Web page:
As a kid, I was continually told that playing too much video games was bad for me and that I would develop hairy palms or something similar (wait, maybe that wasn’t from gaming). Whatever the case might be, ever since the wonders of video games were introduced to us as young and impressionable youths, we’ve been warned of the dangers it poses. Now, it seems the effects of playing video games might be worse than our overly concerned parents could have ever guessed.
The study found that specifically first-person shooters (sorry Call of Duty fans) can cause grey matter loss in the hippocampus. For those who don’t have a degree in the human brain (like myself), the hippocampus is the part of the brain that is involved with spatial memory (orientation) and episodic memory (autobiographical events). The tests revealed that response learners, those players using their brain’s autopilot and reward system to navigate, experienced grey matter loss in their hippocampus. The loss of grey matter was experienced after prolonged playing (90 hours). This means that there is a direct correlation between the amount of time spent playing and the effect it has on your brain. On the flip side, spatial learners, those using their hippocampus to navigate, increased their grey matter after playing for the same amount of time.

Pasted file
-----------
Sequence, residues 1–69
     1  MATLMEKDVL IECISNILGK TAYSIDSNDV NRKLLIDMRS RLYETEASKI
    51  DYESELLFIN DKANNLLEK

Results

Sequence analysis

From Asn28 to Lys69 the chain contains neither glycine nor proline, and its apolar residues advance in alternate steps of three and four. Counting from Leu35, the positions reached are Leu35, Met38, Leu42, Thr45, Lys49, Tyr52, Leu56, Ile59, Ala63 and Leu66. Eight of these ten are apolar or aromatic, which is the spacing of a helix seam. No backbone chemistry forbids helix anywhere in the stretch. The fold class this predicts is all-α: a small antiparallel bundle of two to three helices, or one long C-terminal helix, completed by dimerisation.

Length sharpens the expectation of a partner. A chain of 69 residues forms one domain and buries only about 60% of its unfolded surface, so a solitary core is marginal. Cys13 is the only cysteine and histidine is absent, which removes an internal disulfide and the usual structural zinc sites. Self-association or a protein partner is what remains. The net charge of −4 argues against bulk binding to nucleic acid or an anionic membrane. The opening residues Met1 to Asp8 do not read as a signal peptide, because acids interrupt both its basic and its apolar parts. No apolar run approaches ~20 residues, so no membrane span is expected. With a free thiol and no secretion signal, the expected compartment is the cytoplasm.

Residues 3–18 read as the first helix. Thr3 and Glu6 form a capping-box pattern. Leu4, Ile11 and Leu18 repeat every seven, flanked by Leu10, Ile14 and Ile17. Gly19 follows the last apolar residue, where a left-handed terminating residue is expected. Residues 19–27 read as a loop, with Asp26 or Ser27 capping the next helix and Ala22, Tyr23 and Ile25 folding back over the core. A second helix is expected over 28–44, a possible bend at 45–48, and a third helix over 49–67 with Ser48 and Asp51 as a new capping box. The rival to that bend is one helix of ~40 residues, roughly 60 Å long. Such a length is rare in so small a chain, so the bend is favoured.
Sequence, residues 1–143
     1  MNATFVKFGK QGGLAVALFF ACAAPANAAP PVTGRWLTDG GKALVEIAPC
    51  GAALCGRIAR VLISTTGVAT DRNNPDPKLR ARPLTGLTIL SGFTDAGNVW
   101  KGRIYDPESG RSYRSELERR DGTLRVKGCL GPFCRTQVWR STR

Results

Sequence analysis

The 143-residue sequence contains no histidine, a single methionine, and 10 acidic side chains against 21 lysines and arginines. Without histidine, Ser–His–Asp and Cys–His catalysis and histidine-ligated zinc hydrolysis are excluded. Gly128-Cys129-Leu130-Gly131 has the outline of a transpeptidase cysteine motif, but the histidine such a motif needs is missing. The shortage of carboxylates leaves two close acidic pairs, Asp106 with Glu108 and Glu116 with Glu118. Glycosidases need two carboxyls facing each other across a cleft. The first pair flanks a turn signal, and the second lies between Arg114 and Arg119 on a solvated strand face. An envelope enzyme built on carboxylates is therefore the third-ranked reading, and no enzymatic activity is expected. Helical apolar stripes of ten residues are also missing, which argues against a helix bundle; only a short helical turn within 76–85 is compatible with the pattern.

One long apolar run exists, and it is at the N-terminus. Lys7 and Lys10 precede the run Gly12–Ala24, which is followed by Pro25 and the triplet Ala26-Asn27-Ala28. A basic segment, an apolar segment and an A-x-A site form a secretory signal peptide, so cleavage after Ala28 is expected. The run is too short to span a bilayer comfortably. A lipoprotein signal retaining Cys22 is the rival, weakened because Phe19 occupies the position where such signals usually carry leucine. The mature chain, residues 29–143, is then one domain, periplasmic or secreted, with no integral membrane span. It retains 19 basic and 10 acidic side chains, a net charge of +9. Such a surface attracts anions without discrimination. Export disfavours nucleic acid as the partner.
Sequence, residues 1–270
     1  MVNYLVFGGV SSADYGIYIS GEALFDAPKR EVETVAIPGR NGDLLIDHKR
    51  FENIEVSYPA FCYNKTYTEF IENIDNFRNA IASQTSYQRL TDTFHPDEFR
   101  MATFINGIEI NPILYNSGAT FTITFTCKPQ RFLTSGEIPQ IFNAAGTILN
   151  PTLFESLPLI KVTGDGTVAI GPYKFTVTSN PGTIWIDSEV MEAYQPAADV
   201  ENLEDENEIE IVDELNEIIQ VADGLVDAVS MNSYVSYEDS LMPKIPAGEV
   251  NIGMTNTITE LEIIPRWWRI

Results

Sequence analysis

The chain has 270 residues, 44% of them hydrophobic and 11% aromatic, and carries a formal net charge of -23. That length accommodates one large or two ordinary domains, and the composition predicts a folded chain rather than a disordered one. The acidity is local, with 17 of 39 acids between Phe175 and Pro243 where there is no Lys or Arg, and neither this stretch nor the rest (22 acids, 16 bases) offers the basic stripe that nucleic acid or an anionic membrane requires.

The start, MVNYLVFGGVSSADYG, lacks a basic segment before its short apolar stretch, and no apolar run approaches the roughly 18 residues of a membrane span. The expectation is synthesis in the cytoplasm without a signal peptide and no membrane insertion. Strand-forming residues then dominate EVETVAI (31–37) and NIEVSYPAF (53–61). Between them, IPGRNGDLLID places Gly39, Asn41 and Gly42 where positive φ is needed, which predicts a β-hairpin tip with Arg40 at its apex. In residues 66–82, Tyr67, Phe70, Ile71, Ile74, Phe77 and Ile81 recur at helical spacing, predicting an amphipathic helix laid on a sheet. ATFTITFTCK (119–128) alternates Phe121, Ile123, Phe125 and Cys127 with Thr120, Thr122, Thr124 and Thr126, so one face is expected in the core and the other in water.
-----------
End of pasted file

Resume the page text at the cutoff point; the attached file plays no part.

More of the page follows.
What this boils down to is that games such as first-person shooters, where players tend to memorise the various maps or use waypoints to orientate themselves, has players using their hippocampus less, which leads to shrinking of the grey matter. The good news though is that 3D platforming games, which tend to force the player to navigate through their environments strategically, were found to actually grow the grey matter (great news for those thinking of picking up Super Mario Odyssey).
While the study does show that playing certain video games over a prolonged period can cause loss of grey matter, the long-term effects have yet to be studied. What is know is that the loss of grey matter in the hippocampus is known to increase the risk of neuropsychiatric illnesses such as depression and even Alzheimers.
It’s important to note that these findings are from one single study using a small number of participants, although the findings do warrant further studies. Although there are definitely some benefits to video games, such as developing problem-solving skills, what it does prove, as many other studies have shown, is excessive time spent playing video games isn’t doing anyone any favours.
In the end, it would seem there was some wisdom in our parent’s warnings about too much video games, which means I’ll probably never hear the end of this should they ever find out.